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Relative Running Economy

126 bytes removed, 19:13, 26 December 2011
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==Measuring Efficiency==
In an ideal world, we’d be able to easily measure our [[Running Economy]] and see if things are improving. If we could measure our breath, find out how much O<sub>2</sub> we consumed and how much CO<sub>2</sub> we produce, we’d know how much energy we burned (and from fat or carbohydrate). Sadly, this is not practical, so the best measure we have of energy consumption is our heart rate. This is far from perfect, as heart rate can vary for other reasons besides supplying O<sub>2</sub> for energy production. However, I believe it is a useful approximation.
=How to use the efficiency value=
The calculated efficiency value cannot easily be used to compare different runners. It can be used as to track how your running efficiency is improving over time. Over the weeks and months of training your efficiency value should gradually improve. For instance, I've seen my efficiency go from 110-120 to 130-150 over a period of a few months. Sadly, I've also seen my efficiency dropped when I put on body fat (see [[Weight Loss and Performance]].) This evaluation of my fitness this proved to be remarkably useful to me.
==Efficiency and Glycogen Depletion==
Another use for the efficiency value is to compare values within a run. [[Glycogen]] depletion will result in a drop in efficiency, and this can be seen in the efficiency value. The graph below shows my efficiency value during a long run, consisting of pacing a 3 hour marathon, then adding on 9 extra miles at a slower pace. You can see my efficiency value staying reasonably constant, with some variation for the hills, until about mile 19. From 19 to 26 you can see my efficiency value gradually dropping due to glycogen depletion. After the marathon distance you can see some recovery as I refuel somewhat.
[[File:Efficiency and glycogen depeletion.jpg|none|thumb|500px|Efficiency value over a 35 mile run.]]
==The Calculator==
Assuming you know the distance you ran, your average heart rate and the time it took, you can calculate your efficiency. If you know your resting heart rate, enter that as well to optimize the calculation.
==What do the efficiency numbers mean?==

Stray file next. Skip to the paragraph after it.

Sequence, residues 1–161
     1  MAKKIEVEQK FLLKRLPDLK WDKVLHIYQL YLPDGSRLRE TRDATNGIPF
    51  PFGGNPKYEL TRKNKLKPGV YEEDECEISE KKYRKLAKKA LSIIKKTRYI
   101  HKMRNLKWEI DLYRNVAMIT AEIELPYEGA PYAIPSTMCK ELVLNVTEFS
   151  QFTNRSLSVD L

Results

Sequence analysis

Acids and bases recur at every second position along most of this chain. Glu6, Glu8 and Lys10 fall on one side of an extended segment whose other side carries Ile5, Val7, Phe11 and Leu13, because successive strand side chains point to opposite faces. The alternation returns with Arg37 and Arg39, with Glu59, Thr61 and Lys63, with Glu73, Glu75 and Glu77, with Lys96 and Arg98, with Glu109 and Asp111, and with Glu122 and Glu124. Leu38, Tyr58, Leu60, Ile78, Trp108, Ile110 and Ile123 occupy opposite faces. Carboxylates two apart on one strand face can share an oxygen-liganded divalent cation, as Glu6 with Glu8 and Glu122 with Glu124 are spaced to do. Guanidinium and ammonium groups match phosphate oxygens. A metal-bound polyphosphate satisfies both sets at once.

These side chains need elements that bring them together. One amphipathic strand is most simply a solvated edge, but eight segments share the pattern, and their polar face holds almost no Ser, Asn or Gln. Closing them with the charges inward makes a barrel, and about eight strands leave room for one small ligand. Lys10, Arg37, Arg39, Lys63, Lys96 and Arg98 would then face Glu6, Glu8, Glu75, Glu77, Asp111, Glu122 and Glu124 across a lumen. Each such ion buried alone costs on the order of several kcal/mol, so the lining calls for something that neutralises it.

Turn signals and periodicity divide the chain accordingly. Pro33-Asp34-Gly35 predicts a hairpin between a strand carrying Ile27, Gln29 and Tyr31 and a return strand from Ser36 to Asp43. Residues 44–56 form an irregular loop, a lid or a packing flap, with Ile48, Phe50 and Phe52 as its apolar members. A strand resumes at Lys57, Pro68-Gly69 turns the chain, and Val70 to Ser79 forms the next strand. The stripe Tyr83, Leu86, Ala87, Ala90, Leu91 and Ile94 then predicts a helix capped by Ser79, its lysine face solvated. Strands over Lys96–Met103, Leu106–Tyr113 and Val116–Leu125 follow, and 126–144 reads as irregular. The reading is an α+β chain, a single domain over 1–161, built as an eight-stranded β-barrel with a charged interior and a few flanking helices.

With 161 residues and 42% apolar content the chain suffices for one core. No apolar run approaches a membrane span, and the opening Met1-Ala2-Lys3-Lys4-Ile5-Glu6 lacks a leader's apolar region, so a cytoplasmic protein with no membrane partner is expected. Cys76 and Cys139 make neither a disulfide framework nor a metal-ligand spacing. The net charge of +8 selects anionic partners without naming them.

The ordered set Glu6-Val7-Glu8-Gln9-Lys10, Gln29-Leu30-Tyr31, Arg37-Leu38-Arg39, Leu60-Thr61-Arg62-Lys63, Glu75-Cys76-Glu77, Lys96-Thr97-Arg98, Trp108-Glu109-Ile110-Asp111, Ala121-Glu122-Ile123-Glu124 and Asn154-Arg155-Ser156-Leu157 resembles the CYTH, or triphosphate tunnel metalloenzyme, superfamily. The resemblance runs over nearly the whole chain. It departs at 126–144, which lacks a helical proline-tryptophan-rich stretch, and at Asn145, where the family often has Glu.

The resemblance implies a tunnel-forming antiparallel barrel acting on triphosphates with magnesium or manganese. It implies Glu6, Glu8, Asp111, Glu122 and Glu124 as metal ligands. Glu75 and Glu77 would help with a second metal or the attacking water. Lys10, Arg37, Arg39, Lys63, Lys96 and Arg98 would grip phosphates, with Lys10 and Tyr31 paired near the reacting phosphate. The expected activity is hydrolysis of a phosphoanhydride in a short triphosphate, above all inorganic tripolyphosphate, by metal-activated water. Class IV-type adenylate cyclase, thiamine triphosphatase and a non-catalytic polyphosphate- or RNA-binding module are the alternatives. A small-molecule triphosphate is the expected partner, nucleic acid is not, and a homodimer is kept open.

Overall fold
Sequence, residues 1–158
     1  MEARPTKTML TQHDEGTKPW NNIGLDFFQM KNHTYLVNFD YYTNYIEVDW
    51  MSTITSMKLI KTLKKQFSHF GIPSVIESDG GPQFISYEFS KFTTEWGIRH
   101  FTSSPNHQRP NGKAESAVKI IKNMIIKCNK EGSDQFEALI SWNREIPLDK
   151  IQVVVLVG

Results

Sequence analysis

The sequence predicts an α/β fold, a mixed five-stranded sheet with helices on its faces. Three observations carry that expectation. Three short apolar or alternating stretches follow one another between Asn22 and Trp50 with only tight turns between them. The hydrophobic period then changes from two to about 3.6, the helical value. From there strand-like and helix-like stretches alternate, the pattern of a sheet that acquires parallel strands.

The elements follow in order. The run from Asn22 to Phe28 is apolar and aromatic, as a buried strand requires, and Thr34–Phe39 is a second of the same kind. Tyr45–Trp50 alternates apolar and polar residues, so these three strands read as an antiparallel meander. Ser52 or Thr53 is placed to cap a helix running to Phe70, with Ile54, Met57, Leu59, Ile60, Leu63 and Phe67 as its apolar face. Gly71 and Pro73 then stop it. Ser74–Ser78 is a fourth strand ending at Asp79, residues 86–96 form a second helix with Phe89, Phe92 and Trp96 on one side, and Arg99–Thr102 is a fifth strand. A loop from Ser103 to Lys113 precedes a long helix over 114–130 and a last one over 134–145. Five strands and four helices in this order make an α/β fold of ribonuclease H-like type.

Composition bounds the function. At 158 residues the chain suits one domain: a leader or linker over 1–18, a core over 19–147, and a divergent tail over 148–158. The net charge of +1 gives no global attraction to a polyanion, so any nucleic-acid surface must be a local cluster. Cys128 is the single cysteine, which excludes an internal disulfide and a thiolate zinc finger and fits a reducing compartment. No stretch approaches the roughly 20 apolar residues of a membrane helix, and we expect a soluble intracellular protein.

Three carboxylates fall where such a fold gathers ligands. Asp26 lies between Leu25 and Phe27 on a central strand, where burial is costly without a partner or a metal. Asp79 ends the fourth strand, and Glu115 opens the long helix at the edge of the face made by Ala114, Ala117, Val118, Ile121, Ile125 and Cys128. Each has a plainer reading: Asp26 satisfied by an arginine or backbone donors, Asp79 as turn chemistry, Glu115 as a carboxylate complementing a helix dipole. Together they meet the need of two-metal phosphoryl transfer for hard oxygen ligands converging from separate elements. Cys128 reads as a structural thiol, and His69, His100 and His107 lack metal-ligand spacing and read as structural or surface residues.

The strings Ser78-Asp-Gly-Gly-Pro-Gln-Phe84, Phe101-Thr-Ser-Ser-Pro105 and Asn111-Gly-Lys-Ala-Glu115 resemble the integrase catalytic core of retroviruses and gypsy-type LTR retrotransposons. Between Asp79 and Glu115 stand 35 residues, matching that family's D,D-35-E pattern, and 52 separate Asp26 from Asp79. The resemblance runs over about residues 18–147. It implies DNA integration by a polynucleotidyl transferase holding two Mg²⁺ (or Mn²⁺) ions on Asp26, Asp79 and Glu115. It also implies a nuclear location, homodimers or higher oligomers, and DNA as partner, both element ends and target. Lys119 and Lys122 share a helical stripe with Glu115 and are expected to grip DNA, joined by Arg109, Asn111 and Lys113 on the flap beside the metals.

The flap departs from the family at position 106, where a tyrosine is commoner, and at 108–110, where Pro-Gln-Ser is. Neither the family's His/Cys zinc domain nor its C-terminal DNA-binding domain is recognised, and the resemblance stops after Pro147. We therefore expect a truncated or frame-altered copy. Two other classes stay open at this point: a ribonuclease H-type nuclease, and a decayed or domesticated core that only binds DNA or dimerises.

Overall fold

The number reflects how many times your heart beats when you run a mile. The higher the number, the more efficient you are running and the less often your heart is beating over the distance. Because the numbers are based around your heart beat, they are mostly useful for comparing your runs or comparing parts of the same run, rather than for comparing different runners' performance.
===Changes in efficiency ===
There are a number of reasons why your efficiency can change.
* Obviously changes in your running economy will change the efficiency numbers. For instance, a higher [Cadence] should improve your economy and increase your efficiency numbers.
* Running up hill or downhill will dramatically change the energy cost of running, so your efficiency numbers will change. If you want to compare you efficiency running uphill or downhill, it's best to compare numbers from the same slope.
* Dehydration will cause your heart rate to rise for the same work effort. Looking at changes in efficiency can be used to detect dehydration.
* If you look at your efficiency numbers for speed work, your heart rate will tend to lag behind your work effort. If you change from running at a 9 min/mile pace to a 6 min/mile pace, it will take time for your heart rate to rise up in respond to the extra demands. Likewise, dropping your pace will have a similar lag before your heart rate drops.
==A more impressive alternative==
[[Alternative Efficiency Calculator]] uses age, gender, and weight to calculate Calories consumed, and therefore the absolute efficiency. While this is more impressive and allows for comparison between runners, it makes quite a few assumptions in the calculations. If you know your VO<sub>2</sub>max, this calculation becomes somewhat more accurate, but should still be considered only a rough approximation.

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